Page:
Of course, as the article notes, Brand and his friends worry that if Major League Baseball clubs have to pay minor leaguers a living wage, they’ll pass on their higher costs to minor league baseball somehow. Which is in no way the problem of or the fault of minor league players who are making $5K a year for what is, in reality, a full-time job. If minor league teams made crap deals with Major League Baseball, change the deals, don’t lobby to keep the workers who get the people to buy tickets to your games in poverty.

But then again, given Brand’s loving words for the antitrust exemption, the basic mechanics of business are foreign to him. How DARE baseball executives have to compete in the marketplace and abide by the same rules every business from multinational tech companies on down to corner muffler shops have to abide by? How DARE they have to pay human beings a salary that actual complies with the law and basic human decency? The NERVE.

At the Winter Meetings I stayed at the same hotel all the minor league executives stayed at. It was a bit down the road from where the major leaguers stayed. The bar was still hopping, though. These guys were buying themselves and their buddies overpriced drinks to beat the bad. I would not be shocked if many of their tabs for the week exceeded the annual salary their parent clubs pay some of their players. But yes, let’s have Congress step in and protect these guys from the insane demands of the 20-year-old kids who live on baloney sandwiches all year and spend the winter sleeping on air mattresses in their grandmothers’ sewing rooms because they can’t afford an apartment.


If you ever wanted to make “Darryl Strawberry money” now you can. Quite literally.

New York Mets

Like, the actual money owed to Darryl Strawberry pursuant to the contract he signed with the Mets in 1985. From the good folks at the IRS, an auction notice for January. Up for bid:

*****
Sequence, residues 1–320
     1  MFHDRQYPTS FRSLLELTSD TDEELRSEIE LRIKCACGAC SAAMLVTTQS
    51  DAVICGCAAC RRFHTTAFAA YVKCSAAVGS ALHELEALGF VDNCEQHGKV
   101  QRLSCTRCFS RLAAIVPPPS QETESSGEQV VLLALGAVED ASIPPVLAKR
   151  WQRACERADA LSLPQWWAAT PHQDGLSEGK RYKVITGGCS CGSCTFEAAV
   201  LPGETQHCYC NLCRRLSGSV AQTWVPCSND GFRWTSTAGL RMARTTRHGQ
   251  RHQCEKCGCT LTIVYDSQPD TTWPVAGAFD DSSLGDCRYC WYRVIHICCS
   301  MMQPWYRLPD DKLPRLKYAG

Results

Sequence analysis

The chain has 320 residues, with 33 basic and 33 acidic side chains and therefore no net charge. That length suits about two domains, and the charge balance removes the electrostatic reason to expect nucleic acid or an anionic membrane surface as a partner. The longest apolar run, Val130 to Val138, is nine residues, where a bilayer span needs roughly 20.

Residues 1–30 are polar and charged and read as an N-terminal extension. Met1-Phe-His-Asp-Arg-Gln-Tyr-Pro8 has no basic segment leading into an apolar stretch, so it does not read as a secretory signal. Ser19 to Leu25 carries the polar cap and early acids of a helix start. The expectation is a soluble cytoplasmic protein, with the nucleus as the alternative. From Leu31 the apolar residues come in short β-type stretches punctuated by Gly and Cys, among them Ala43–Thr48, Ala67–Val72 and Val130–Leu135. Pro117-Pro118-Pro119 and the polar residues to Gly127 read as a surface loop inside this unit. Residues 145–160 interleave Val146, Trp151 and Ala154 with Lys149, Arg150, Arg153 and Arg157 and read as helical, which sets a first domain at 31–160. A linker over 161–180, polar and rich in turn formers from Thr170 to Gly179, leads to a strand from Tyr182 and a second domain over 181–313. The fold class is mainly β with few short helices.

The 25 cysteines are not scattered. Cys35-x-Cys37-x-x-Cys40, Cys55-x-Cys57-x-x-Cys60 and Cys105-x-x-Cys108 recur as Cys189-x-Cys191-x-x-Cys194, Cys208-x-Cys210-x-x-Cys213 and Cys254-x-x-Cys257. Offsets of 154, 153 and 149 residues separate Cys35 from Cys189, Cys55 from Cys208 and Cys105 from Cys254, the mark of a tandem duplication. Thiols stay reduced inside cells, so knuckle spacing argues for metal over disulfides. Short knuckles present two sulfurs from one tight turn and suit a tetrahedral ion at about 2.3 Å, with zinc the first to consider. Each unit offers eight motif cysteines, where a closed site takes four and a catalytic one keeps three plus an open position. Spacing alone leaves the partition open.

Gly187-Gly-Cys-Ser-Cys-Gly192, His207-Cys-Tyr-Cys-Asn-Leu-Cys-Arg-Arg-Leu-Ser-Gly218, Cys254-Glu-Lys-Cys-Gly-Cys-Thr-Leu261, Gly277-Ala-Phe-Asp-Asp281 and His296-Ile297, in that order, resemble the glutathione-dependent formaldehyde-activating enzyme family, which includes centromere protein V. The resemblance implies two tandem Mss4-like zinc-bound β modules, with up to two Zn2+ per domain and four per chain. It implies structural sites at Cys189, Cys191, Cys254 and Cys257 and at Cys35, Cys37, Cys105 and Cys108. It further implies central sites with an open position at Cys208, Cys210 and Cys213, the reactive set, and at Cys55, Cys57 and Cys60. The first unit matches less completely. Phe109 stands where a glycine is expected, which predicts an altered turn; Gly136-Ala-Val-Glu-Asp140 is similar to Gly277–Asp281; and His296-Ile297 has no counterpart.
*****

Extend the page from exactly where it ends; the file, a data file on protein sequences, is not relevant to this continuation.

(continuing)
The right to receive on-going monthly payments under the Darryl Strawberry Deferred Compensation Agreement, Addendum III to Uniform Player’s Contract dated March 12, 1985, executed on March 12, 1985 by Darryl Strawberry and Doubleday Sports, Inc. (predecessor in interest to Sterling Mets, L.P.), as reflected in the schedule of payments attached as Appendix 2 to the Order of Sale entered on the court’s docket, and specifically those payments remaining to be made after the court’s confirmation of the sale.

Minimum bid is $550,000.

The background is rather convoluted. It’s tied up in a domestic relations order which gave the compensation to Strawberry’s ex-wife, and her subsequent bankruptcy. So really it’s her money — forfeited to the IRS — not Darryl’s anymore. Here is some info on that from a couple of years ago. At the time the annual payout was around $100,000. Not sure how inflation, etc. deals with that, if at all.

Who said you can’t get any money out of the Mets?

(Thanks to Wes for the heads up)

The Padres have given their fans something to talk about. Which is badly needed in San Diego.

A.J. Preller

It’s possible that a team has made more moves in a shorter period of time than the Padres have in the past few days, but I sure as heck can’t remember it. Indeed, since the Winter Meetings ended a little over a week ago, the Padres have embarked on a roster overhaul the likes of which — particularly, the quickness of which — we haven’t seen in some time. I’ve seen it described as a “reverse fire sale,” and I think that comes closer to it than anything else. Instead of an urgent, frantic selling-off of talent, it as been an urgent, frantic shopping spree.

To summarize, in the past few days the Padres have:

That’s a lot of work done.

Of course, the Padres needed a lot of work. They’ve finished below .500 for four straight years. Their old general manager, Josh Byrnes, was fired during the season after failing to see eye-to-eye with ownership and A.J. Preller was hired away from the Rangers to take his place. His main task: to fix a perpetually awful offense and, of course, get the Padres to win more ballgames.

But just as important a task was to make the Padres relevant again. And that he has.